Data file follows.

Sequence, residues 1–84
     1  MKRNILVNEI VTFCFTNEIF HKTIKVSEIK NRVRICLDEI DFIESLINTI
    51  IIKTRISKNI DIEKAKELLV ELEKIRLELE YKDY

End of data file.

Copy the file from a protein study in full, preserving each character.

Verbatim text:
Sequence, residues 1–84
     1  MKRNILVNEI VTFCFTNEIF HKTIKVSEIK NRVRICLDEI DFIESLINTI
    51  IIKTRISKNI DIEKAKELLV ELEKIRLELE YKDY